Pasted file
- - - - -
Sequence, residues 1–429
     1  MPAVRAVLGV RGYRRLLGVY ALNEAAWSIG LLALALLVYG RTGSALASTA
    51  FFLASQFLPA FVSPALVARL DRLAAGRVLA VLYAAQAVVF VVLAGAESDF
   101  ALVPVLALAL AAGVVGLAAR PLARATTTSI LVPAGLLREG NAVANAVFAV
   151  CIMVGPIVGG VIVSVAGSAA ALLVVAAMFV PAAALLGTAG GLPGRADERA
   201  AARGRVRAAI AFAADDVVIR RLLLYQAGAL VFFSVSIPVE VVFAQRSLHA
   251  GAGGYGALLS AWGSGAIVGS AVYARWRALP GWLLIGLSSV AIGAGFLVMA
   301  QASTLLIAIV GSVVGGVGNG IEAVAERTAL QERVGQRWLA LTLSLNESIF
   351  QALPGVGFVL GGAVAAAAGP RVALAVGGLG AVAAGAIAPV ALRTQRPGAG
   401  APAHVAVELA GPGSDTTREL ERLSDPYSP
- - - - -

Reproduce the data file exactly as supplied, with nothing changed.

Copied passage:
Sequence, residues 1–429
     1  MPAVRAVLGV RGYRRLLGVY ALNEAAWSIG LLALALLVYG RTGSALASTA
    51  FFLASQFLPA FVSPALVARL DRLAAGRVLA VLYAAQAVVF VVLAGAESDF
   101  ALVPVLALAL AAGVVGLAAR PLARATTTSI LVPAGLLREG NAVANAVFAV
   151  CIMVGPIVGG VIVSVAGSAA ALLVVAAMFV PAAALLGTAG GLPGRADERA
   201  AARGRVRAAI AFAADDVVIR RLLLYQAGAL VFFSVSIPVE VVFAQRSLHA
   251  GAGGYGALLS AWGSGAIVGS AVYARWRALP GWLLIGLSSV AIGAGFLVMA
   301  QASTLLIAIV GSVVGGVGNG IEAVAERTAL QERVGQRWLA LTLSLNESIF
   351  QALPGVGFVL GGAVAAAAGP RVALAVGGLG AVAAGAIAPV ALRTQRPGAG
   401  APAHVAVELA GPGSDTTREL ERLSDPYSP